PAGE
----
The “Other” Politics of Ayotzinapa
By Charlotte Maria Sáenz
How a popular movement arisen from the massacre of 46 student-teachers in Mexico demonstrates a horizontal politics of shared leadership.
Family and colleagues of 46 student-teachersforcibly disappeared and killed in Iguala, Guerrero last September 26, 2014 have grown into a civilian movement known as “Ayotzinapa” that includes people from all walks of life and from around the world. Their simple but powerful actions of visibility and protest have put in stark light the excesses and failures of a corrupt government structure which operates in deep collusion with drug lords and corporate interests. The case of Ayotzinapa is but a window into a larger pattern of forced disappearances that plagues the nation as a whole. The movement demands accountability and justice for all of Mexico’s disappeared as well as for radical change in a country ravaged by an epidemic of extreme violence, corruption and impunity.
Theirs is another “¡Ya Basta!” (Enough!), reminiscent of the Zapatista uprising that in 1994 rose up in response to the North American Free Trade Agreement which sounded a death-toll of the Mexican campesino, a largely indigenous and poor peasantry. Carrying this history and awareness in their resistance as campesinosthemselves, the Ayotzinapa families, students and teachers manifest the kind of ethics and politics called for by the Zapatista Sixth Declaration of the Lacandon Jungle in 2006. La Sexta, as it became known in Spanish, called for a new way of doing politics, one that does not rely on political parties or electoral circuses, but rather one that is based on an ethics of accountability where “the people rule and the government obeys,” a politics comprised of “everything for everyone, nothing for us.” In short: a politics from below and to the left…by the people for the people.
It comes at a crucial time, as Mexico seems to be sinking into an even more severe political and economic crisis: the peso keeps falling while disappearances and assassinations keep rising. Meanwhile civilian social protests are violently repressed by the state, while a daily theater of death is delivered by the various drug cartels terrorizing the nation with uncountable disappearances, beheadings and hanging corpses. Such gruesome spectacles are meant to intimidate the populace into fearful denial, complacency and silence. Official estimates state that over 100,000 people have been killed and approximately 25,000 disappeared since former President Calderon declared war on the drug lords in 2006. Many believe the actual numbers are much higher. The Ayotzinapa case confirmed the suspected link between murderous drug cartels and the governments of ruling political parties as both municipal police and federal army were involved in detaining the student-teachers that fateful 26th of September, resulting in 3 dead and 43 disappeared. The federal government has completely failed to provide explanations for the army’s role in the students’ disappearance, denying access to the army barracks from where came the last signal of their cellular phones.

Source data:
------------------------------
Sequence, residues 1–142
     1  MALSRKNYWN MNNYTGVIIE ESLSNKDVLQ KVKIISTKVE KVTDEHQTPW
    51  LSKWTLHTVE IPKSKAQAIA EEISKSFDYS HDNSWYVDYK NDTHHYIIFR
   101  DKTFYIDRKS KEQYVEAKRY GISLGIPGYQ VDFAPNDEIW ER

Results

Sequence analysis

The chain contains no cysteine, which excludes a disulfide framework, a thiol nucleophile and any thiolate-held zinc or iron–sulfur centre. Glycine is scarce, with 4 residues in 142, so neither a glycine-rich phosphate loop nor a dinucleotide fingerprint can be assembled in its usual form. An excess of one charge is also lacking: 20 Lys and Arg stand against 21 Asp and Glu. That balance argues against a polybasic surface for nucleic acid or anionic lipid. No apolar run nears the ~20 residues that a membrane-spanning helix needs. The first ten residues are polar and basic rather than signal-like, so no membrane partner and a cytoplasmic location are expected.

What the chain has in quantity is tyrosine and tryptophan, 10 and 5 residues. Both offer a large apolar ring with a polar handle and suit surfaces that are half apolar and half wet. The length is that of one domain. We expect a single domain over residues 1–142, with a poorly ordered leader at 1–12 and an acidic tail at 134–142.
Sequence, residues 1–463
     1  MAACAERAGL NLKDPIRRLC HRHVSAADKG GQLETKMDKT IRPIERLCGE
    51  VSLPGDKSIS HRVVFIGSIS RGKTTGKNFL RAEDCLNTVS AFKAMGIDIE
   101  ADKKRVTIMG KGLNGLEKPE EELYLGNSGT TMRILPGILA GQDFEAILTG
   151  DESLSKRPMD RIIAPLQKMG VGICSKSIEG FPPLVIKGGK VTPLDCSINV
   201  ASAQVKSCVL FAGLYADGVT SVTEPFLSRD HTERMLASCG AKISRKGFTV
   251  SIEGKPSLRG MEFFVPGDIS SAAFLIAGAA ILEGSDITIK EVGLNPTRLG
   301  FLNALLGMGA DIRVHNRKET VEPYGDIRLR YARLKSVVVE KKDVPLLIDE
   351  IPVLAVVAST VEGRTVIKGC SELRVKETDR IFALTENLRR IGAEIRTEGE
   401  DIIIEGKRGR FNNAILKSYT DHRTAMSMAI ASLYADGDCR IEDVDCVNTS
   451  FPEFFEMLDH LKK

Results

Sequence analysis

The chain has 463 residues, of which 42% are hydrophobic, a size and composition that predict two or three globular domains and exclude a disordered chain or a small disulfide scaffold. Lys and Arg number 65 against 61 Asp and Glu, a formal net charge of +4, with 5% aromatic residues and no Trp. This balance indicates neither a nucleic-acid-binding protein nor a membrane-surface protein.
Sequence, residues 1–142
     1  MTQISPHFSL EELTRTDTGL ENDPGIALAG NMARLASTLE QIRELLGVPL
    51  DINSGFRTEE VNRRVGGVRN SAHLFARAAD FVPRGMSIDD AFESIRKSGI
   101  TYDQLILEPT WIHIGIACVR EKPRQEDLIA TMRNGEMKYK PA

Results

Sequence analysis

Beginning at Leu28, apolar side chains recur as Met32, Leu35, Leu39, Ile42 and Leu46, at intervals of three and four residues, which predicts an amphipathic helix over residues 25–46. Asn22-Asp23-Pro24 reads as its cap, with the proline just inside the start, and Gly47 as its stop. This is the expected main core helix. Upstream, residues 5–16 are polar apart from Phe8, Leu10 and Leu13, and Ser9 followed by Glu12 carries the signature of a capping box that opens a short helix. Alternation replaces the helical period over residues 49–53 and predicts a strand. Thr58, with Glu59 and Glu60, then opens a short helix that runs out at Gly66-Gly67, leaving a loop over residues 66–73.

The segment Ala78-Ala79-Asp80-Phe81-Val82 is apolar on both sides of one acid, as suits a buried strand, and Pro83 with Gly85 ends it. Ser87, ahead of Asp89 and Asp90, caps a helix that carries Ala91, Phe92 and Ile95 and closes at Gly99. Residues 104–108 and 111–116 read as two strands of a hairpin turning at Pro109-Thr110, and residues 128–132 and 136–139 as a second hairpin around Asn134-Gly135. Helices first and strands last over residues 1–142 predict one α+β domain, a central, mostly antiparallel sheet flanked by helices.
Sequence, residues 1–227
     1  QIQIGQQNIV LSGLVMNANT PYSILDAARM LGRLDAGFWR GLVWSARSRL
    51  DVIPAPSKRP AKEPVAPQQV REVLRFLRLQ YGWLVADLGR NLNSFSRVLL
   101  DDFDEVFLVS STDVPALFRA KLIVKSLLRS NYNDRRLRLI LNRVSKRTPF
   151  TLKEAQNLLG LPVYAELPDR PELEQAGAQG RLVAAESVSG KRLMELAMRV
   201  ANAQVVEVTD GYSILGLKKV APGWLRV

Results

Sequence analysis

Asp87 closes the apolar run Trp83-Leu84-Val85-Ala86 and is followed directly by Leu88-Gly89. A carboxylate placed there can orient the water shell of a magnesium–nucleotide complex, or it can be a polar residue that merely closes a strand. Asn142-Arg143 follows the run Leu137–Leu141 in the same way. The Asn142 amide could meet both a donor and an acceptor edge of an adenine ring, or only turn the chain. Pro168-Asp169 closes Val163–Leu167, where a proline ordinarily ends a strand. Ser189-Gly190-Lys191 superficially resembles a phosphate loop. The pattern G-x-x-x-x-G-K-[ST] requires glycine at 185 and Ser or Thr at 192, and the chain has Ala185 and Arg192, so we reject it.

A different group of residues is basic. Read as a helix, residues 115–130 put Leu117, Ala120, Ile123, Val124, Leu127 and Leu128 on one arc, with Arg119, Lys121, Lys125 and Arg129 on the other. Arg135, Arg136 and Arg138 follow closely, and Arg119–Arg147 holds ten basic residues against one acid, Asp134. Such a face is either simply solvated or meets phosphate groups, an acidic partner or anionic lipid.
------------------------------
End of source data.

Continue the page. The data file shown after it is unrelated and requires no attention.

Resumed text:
The resulting outrage expressed on both a national as well as global scale accompanies and supports the determination and leadership of the disappeared students’ colleagues and family members trying to find out what happened to their loved ones. Their collective intelligence manifests in an ability to organize and act swiftly. They have formed various civilian caravans composed of parents, student, teachers, human rights workers and legal advisors to tour the north, south, and center of the country to meet with other families of the disappeared. Their hope is to make more visible their plight and connect with others like them, striking a deep chord with the Mexican public; they mirror the reality of an entire nation at the mercy of murderous cartels complicit with an inept government. The strength and persistence of what has now become a wide-reaching movement far surpasses that of a President and Attorney General who have merely tried to sweep the whole pesky affair under the proverbial rug. Not only has the Mexican federal government failed to provide plausible explanations or competent actions, they have not been able to even express credible empathy.